An ultrafast X-ray glance into photoacid electronic structure

Estimated charge distribution changes on the APTS photoacid and conjugate photobase forms, showing major changes in Mulliken charges and in the electric dipole moment upon electronic excitation.

Estimated charge distribution changes on the APTS photoacid and conjugate photobase forms, showing major changes in Mulliken charges and in the electric dipole moment upon electronic excitation. © MBI

F&ouml;rster cycle of an amine photoacid, showing electronic ground states S<sub>0</sub> and the first excited states S<sub>1</sub> of the acidic (left) and basic (right) species. There are the four stages of photoacid behaviour in aqueous solution, as shown by the cartoons. In the centre transient soft-X-ray spectra are shown, measured on 8-aminopyrene-1,3,6-trisulfonate (APTS).

Förster cycle of an amine photoacid, showing electronic ground states S0 and the first excited states S1 of the acidic (left) and basic (right) species. There are the four stages of photoacid behaviour in aqueous solution, as shown by the cartoons. In the centre transient soft-X-ray spectra are shown, measured on 8-aminopyrene-1,3,6-trisulfonate (APTS). © MBI

Photoacids are molecules that release a proton upon electronic excitation, thus enhancing the acidity of a liquid. Pioneering work by Theodor Förster has shown the direct relationship between the wavelength position of optical absorption and acidity properties with which the increase in acidity  in the first electronic excited state can be quantified. However, underlying full microscopic explanations for the photoacidity phenomenon have remained sparse. With ultrafast X-ray spectroscopy, locally probing the electronic structure of a proton donating group of an amine aromatic photoacid has now provided direct insight in the changes of electronic structure. The long standing open question for photoacidity has now finally been resolved: major electronic structure changes occur on the base side of the so-called Förster cycle, whereas the acid side plays a minor role. 

Photoacids have been known for more than 70 years. Theodor Förster has been the first to correctly describe the observations of absorption and fluorescence spectra of photoacids, and connect positions of the electronic transitions giving rise to optical absorption bands to the increased acidity properties of photoacids in the electronic excited state. Many research activities have been pursued in the following decades, but apart from quantum chemical calculations of photoacid molecules of medium size, focussing on the intramolecular electronic charge distribution changes of the proton donating moieties of photoacids, microscopic insight have remained limited. Some of these studies have indicated – in line with previous suggestions based on physical organic principles – that the effects of electronic excitation are much more pronounced on the conjugate photobase side of the Förster cycle.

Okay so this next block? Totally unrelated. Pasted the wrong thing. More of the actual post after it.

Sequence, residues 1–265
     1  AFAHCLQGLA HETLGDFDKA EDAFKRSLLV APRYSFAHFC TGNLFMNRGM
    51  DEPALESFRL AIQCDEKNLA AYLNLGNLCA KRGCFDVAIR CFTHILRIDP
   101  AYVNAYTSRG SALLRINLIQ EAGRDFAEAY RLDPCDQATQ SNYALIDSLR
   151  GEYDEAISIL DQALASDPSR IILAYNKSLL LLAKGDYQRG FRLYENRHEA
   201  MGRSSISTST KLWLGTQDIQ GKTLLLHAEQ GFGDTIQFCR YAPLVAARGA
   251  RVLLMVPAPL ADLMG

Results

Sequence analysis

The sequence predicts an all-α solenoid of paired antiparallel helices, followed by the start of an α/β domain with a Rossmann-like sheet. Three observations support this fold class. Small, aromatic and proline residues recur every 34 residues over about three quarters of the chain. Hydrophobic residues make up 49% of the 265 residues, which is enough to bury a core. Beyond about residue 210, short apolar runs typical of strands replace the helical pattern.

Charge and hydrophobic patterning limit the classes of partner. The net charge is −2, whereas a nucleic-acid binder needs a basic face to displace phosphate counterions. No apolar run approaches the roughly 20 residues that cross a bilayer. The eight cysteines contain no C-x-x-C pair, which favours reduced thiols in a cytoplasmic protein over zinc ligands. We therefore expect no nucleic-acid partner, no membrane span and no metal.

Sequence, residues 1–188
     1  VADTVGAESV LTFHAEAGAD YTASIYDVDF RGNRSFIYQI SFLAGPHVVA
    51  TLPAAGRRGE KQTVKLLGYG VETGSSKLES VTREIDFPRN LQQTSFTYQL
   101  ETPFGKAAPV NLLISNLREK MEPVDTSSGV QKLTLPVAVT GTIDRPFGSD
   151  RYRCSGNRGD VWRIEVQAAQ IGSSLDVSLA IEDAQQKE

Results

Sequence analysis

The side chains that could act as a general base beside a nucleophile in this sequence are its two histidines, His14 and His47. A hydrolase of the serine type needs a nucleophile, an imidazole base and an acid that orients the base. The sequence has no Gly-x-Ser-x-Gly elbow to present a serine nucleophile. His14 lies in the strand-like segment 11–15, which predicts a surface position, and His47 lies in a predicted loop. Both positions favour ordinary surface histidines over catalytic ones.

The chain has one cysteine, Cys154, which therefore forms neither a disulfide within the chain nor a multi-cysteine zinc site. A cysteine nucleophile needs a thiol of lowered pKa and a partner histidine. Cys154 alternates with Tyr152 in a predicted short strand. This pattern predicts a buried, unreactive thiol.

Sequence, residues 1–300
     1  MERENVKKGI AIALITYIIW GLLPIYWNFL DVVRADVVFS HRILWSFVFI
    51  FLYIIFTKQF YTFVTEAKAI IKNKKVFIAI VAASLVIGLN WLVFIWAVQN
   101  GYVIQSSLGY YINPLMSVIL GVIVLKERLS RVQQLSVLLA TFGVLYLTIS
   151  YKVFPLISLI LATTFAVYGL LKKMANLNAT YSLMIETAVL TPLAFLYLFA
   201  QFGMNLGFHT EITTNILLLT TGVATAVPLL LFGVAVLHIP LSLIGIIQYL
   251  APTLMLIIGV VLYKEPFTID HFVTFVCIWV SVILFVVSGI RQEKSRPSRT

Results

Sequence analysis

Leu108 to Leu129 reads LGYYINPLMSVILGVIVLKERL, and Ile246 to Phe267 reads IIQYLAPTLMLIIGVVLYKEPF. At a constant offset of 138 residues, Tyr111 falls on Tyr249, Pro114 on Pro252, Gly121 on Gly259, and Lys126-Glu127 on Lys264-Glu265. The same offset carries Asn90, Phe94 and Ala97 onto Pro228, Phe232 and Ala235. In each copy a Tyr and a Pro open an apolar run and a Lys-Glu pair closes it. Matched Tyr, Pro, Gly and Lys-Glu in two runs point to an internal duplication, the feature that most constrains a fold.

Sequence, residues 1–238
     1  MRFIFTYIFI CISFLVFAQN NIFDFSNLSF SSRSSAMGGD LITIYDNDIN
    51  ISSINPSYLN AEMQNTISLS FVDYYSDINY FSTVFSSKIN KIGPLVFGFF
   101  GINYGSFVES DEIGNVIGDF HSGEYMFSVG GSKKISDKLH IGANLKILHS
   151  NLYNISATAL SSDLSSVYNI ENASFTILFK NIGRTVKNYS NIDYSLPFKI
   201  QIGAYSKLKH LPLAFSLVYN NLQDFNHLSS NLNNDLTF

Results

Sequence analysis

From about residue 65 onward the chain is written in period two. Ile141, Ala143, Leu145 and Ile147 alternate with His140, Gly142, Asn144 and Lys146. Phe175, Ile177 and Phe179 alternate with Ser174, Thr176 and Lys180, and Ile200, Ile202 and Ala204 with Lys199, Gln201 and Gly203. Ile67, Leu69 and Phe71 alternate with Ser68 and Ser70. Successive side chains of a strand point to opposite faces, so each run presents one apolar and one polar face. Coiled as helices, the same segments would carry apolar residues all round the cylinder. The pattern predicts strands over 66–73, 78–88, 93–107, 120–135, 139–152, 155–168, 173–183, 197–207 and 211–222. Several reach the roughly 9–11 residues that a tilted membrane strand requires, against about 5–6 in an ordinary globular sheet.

Scientists from the Max-Born-Institute in Berlin, Stockholm University, the University of Hamburg, Helmholtz-Zentrum Berlin, Ben-Gurion University of the Negev in Beersheva and Uppsala University, have now successfully pursued a novel combined experimental and theoretical approach to study the electronic charge distributions of photoacids along the four stages of photoacids provide direct microscopic insight into the electronic structural changes of the proton donating amine group of an aminopyrene derivative in aqueous solution. The K-edge X-ray absorption spectra of nitrogen atoms in the molecular structure were measured at the synchrotron BESSY II in transmission mode to locally probe electronic structure on ultrafast time scales. Together with quantum chemical calculations, such results provide a consistent picture of photoacid behaviour (Fig. 1): electronic charge distributions of the proton donating group are only minor on the photoacid side, but substantial on the conjugate photobase side. Yet the overall dipole moment change of the whole molecule is as important as the local charge distribution changes, hence solvation dynamics by the solvent water is the second important factor governing photoacidity.

MBI


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